Lately things have hit a rough patch and I need to focus like a laser on the children's behavior and their school. This morning I almost broke down in the confessional (after making the three big kids skip part of CCD so they could go to confession). It dawned on me that the solution begins with me, a regular schedule every morning with breakfast, brushing teeth, and starting school on time, rather than letting things slide so I can read the political news. I need to spend more time supervising my children rather than writing about them. So... I'm going to take a little blogging break and hopefully will return with lots of good news to report on the parenting and homeschooling front. May God bless all of you.

Friday, November 05, 2010

reason #567 why we homeschool

Our family is obviously very patriotic with Tim serving 19+ years in the Navy and my family tree sporting a number of patriots going all the way back to several members in Virginia's House of Burgesses in the 1600's. We expect the children to love their country, respect the flag, and be good citizens. My children are not taught garbage like this:

The theory that Americans are better than everybody else is endorsed by an overwhelming majority of U.S. voters and approximately 100 percent of all U.S. politicians, although there is less and less evidence to support it.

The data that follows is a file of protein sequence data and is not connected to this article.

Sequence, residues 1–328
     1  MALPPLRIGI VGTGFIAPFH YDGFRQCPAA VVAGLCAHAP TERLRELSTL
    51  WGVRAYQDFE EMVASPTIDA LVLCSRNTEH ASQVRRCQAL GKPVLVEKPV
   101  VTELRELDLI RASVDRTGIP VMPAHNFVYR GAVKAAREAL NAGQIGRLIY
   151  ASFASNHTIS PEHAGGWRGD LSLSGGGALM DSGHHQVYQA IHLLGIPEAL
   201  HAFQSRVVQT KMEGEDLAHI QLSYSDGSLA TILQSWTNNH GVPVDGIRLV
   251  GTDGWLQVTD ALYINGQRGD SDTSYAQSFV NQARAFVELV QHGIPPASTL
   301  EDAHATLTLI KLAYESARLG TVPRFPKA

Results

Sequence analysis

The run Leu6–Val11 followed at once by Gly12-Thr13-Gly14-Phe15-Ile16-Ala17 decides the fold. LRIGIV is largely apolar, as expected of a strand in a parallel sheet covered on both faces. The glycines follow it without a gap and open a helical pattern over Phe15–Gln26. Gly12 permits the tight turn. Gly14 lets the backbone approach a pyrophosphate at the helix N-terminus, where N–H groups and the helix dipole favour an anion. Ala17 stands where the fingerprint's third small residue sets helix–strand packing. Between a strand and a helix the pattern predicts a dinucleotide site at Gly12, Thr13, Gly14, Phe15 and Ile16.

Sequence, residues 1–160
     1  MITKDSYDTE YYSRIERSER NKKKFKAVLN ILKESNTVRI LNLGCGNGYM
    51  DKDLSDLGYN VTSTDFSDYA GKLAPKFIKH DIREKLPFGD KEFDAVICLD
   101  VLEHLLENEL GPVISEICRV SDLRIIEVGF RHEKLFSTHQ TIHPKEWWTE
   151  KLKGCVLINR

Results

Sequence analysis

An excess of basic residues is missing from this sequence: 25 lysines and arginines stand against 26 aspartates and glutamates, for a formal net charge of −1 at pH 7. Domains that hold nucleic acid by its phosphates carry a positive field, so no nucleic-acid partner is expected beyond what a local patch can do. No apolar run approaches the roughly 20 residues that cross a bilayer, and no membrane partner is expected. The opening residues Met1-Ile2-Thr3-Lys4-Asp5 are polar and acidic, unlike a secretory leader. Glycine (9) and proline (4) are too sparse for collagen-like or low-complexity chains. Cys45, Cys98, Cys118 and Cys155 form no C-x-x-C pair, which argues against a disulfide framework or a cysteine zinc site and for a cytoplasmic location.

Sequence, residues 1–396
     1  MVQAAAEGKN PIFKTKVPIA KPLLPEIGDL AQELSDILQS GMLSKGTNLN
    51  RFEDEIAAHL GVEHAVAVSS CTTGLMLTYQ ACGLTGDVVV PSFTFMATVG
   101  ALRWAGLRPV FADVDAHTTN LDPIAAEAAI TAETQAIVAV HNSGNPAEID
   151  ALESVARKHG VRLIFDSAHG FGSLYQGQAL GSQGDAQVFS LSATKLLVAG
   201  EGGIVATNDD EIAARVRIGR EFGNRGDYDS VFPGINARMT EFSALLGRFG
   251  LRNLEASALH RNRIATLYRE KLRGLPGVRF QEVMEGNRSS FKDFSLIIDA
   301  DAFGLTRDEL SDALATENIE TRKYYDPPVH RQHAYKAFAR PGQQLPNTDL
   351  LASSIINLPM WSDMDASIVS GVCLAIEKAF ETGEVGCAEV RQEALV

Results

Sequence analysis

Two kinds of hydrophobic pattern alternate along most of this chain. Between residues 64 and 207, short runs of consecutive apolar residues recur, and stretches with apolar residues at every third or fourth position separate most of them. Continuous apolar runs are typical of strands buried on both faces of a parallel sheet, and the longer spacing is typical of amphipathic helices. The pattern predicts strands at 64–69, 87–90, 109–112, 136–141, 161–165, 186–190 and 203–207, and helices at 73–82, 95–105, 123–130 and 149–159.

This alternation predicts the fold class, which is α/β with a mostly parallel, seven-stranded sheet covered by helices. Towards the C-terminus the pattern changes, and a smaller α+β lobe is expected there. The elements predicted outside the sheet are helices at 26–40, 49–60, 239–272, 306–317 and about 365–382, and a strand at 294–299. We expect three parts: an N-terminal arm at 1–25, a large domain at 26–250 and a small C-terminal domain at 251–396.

Obama was asked during the 2008 presidential campaign whether he believed in American exceptionalism. He said, “I believe in American exceptionalism just as I suspect the Brits believe in British exceptionalism and the Greeks believe in Greek exceptionalism.” Newt Gingrich’s gloss: “In other words, everything we cherish about America, our president thinks is not so very special, not so very different from any other country. ... No longer, in the left’s view, are we the Americans of the frontier, the sturdy, independent farmers.”
Michael Kinsley, Politico

Instead, my children read stories about American Exceptionism from their Faith and Freedom readers (a reprinted Catholic series from the 1950's which emphasize family life, prayer, and being good Americans). Yes, some of it is hokey on occasion, but they learn stories of America's founding, the Saints, and what it means to be a good Catholic in a series that gradually increases in difficulty.

One commenter summed up what American Exceptionalism means quite well:

we do believe that America is a superior country because of our freedoms and form of government, and the productivity and innovation that those freedoms allow. If somebody from another country becomes a citizen and works in pursuit of their goals and dreams, they become one of us as well.